Pretty Lady finds that today is one of those Frantically Busy days, where the tasks at hand are pouring down upon her head in an ever-increasing stream of urgency, so she cannot take the time to meander contemplatively, as is her wont. However, she would like to leave you with this:
...Such material difficulties were formidable; but much worse were the immaterial. The indifference of the world which Keats and Flaubert and other men of genius have found so hard to bear were in her case not indifference but hostility. The world did not say as it said to them, Write if you choose; it makes no difference to me. The world said with a guffaw, Write? What's the good of your writing?...Moreover it is all very well for you to say that genius should disregard such opinions; that genius should be above caring what is said of it. Unfortunately, it is precisely the men or women of genius who mind most what is said of them. Remember Keats. Remember the words he had cut on his tombstone. Think of Tennyson; think--but I need hardly multiply the instances of the undeniable, if very unfortunate, fact that it is the nature of the artist to mind excessively what is said of him. Literature is strewn with the wreckage of men who have minded beyond reason the opinions of others.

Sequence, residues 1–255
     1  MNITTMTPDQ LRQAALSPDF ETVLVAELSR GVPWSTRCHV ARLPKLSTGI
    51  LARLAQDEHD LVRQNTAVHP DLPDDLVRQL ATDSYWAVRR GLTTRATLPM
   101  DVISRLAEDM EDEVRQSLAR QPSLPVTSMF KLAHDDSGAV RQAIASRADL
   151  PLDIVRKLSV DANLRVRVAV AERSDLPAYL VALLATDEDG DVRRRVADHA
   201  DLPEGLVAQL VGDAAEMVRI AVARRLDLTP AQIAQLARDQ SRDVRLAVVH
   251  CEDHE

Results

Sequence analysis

--Virginia Woolf, 'A Room of One's Own'